Whenever I write about food, I realize how lucky I am to have been taught by my grandparents, two incredible cooks who handed down an amazing repertoire of tried-and-true recipes and the knack for turning out a filling meal even when the cupboard is pretty bare.
So, the other day, pinched for time and lacking the ingredients for all my standby lunchtime fare, I made pizza. Not your classic pizza, mind you, and a far cry from the sizzling pies my grandparents used to sell from their stand at Old Orchard Beach. For starters, I didn’t have yeast to make the dough, or even a spoonful of sauce to put on it. What I had was a whole wheat tortilla, which I toasted just enough to crisp up. I topped it with a few thin tomato slices, some shredded fresh Mozzarella, and a drizzling of rosemary-infused olive oil. Then, I popped it under the broiler just long enough for the cheese to soften and the edges to brown, added a few basil leaves and salt and pepper, and lunch was served.
No doubt my grandfather would have had a thing or two to say about my “pizza.” But my grandmother would have applauded. You see, the interesting thing about my grandparents is that they had completely different approaches in the kitchen, two unique styles that totally worked.
My grandfather Cirino (pronounced Cheer-ee-no), left Sicily in 1920 when he was 15 years old and booked passage to America. After settling in a Massachusetts mill town, where his name was pronounced Charlie, he worked as a baker and met my grandmother, Theresa, whose family had emigrated from Naples.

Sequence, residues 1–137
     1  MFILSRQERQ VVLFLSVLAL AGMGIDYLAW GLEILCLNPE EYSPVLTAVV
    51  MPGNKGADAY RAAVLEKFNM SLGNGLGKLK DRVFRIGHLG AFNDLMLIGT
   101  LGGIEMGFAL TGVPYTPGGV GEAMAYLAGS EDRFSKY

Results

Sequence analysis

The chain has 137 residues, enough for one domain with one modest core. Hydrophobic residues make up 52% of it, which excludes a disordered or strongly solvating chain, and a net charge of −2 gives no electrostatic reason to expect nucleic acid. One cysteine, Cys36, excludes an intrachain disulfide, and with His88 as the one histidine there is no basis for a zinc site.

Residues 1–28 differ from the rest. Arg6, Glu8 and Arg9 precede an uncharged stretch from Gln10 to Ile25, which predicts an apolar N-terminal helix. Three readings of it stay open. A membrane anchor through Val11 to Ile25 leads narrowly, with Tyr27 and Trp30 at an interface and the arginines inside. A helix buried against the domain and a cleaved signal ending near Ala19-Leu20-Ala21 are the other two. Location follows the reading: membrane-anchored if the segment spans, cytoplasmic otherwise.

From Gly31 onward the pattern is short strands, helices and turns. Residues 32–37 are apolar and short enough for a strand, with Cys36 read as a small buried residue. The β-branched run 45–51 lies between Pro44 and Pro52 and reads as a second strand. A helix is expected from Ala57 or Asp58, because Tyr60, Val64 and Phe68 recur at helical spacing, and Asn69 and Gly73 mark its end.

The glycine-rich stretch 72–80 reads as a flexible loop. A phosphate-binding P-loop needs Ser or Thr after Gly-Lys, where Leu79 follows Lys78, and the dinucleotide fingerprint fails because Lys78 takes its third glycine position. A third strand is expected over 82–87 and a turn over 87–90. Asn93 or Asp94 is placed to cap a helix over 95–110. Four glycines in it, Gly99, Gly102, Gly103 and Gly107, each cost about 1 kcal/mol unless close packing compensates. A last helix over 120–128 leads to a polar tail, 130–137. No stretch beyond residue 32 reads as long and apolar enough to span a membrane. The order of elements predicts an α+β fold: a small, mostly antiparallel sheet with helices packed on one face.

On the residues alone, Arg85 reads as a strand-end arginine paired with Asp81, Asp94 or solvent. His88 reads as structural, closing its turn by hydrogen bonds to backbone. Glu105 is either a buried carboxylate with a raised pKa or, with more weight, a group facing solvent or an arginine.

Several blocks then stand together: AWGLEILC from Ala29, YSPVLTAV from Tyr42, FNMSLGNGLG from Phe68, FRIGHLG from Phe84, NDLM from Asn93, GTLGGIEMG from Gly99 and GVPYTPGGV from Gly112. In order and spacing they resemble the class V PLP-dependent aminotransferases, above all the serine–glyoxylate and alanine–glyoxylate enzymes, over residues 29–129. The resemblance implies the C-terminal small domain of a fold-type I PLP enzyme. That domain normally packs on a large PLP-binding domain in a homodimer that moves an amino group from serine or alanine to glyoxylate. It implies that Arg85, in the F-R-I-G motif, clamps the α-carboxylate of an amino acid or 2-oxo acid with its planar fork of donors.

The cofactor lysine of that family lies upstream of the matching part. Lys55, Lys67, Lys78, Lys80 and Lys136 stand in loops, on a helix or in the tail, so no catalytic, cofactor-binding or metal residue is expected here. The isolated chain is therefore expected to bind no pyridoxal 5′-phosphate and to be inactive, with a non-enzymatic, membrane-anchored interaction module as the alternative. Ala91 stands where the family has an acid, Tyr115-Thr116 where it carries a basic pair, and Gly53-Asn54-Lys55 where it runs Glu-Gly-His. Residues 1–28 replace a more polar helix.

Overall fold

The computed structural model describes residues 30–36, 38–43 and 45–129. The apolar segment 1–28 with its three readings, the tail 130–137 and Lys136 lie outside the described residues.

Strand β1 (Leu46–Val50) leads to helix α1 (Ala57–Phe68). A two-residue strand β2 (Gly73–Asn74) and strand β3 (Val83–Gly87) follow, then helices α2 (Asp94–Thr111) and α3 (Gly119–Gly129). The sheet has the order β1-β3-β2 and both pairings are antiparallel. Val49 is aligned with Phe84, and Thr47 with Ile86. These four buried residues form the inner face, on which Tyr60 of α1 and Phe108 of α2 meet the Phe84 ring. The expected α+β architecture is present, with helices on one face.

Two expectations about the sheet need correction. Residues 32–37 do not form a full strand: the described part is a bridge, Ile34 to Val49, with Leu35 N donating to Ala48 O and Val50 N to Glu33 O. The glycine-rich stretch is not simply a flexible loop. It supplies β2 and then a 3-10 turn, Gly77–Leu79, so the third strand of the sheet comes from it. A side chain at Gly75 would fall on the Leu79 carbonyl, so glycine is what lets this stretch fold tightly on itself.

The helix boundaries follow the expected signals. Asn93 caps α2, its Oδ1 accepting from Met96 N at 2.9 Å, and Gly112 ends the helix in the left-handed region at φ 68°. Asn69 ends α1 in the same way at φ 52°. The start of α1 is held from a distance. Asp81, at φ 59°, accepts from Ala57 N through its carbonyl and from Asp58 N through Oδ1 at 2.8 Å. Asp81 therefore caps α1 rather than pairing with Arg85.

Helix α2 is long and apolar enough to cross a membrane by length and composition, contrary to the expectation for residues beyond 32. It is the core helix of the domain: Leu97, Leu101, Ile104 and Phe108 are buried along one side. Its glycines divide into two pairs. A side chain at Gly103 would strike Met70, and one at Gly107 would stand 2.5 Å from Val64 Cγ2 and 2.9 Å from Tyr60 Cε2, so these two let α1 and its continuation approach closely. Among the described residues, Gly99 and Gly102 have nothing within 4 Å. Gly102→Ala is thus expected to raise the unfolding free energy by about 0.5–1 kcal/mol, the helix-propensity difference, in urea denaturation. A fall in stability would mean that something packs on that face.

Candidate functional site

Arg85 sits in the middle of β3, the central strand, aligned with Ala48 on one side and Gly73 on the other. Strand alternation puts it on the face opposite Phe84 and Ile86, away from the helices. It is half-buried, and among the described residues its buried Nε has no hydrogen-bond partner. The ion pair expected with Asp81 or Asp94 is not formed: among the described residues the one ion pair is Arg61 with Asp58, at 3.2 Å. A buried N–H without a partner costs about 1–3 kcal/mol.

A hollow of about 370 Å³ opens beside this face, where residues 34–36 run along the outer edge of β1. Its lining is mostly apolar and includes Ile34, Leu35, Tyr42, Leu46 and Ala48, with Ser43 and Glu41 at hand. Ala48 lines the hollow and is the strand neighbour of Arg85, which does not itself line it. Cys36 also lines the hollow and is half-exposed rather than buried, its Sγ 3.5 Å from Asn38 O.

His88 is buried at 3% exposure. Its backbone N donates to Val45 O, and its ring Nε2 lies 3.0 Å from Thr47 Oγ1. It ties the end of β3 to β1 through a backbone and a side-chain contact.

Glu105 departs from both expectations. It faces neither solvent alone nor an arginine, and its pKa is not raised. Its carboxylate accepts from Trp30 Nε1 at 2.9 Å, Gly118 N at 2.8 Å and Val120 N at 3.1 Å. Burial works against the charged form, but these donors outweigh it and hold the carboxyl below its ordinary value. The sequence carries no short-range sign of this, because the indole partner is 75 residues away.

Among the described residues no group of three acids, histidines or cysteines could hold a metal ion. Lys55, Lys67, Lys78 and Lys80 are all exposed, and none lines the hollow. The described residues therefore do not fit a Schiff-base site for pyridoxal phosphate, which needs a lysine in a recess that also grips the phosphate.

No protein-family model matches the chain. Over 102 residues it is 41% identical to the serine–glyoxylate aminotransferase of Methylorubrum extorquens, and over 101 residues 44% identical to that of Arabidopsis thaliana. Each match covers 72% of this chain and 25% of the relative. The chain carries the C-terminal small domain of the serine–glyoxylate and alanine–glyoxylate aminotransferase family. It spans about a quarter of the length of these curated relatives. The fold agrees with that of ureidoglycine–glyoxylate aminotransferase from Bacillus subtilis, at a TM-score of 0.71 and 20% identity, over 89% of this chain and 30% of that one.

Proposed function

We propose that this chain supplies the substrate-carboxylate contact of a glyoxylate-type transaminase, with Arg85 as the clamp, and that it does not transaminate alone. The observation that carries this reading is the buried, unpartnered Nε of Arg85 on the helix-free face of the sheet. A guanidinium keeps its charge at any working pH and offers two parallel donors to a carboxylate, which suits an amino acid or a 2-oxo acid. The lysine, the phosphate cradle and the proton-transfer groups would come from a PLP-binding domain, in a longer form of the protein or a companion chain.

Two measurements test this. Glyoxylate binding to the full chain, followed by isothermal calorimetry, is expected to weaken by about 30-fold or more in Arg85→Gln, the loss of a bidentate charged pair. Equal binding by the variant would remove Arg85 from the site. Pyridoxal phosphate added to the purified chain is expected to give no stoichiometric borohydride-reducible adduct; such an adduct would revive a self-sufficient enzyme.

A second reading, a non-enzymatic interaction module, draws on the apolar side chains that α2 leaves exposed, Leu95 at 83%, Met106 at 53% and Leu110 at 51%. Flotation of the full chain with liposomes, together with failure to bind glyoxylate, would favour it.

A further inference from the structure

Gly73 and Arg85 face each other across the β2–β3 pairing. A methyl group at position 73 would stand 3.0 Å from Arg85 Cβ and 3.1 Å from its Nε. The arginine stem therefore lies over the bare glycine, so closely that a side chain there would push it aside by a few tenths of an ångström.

In the old country, a hot-tempered Sicilian and a northerner with a contagious laugh would have been less likely to marry. But here the distinction between two Italians paled, and my grandfather, missing his homeland and still speaking broken English, found my grandmother’s friendliness comforting. She, in turn, was charmed by the attention of this ruggedly handsome young man with charcoal hair and blue eyes. They raised two boys, saw them marry, and welcomed seven grandchildren. And all the while, though the intrinsic difference in their personalities prevailed, they shared a common goal: to provide good food for the family. They loved to feed us.
My grandfather did the baking, his penchant for perfection evident in the precise spacing of the pastry lattice on his blueberry pie. And in the silkiness of the chocolate and vanilla puddings he cooked, cooled, and whipped by hand, then spooned into pastry bags to pipe into crispy cannoli shells just before serving. The result of all this fastidiousness was perfection: cakey cookie ball angelettis coated with a lemony frost, golden fried strufoli piled high on a plate and drizzled with honey. His recipes were classic Italian, and he never varied them.
My grandmother did plenty of cooking, too. Savory main courses that were mostly cooked on the stovetop and, like my grandfather’s creations, consistently mouthwatering, though she never metered ingredients in a cup or a spoon. Measuring in handfuls and pinches, she’d whisk seasoned breadcrumbs and grated Romano into a half dozen eggs and pour the batter into a frying pan of crisped potato slices. She’d drop marble-size meatballs into her simmering chicken-and-pasta soup, tuck spinach and mozzarella into her scrambled pork pie.
In the end, my grandparents did much more than feed a family’s appetite. Together they showed us how to follow convention and throw out all the rules — and left us with liberty in knowing there is merit in both.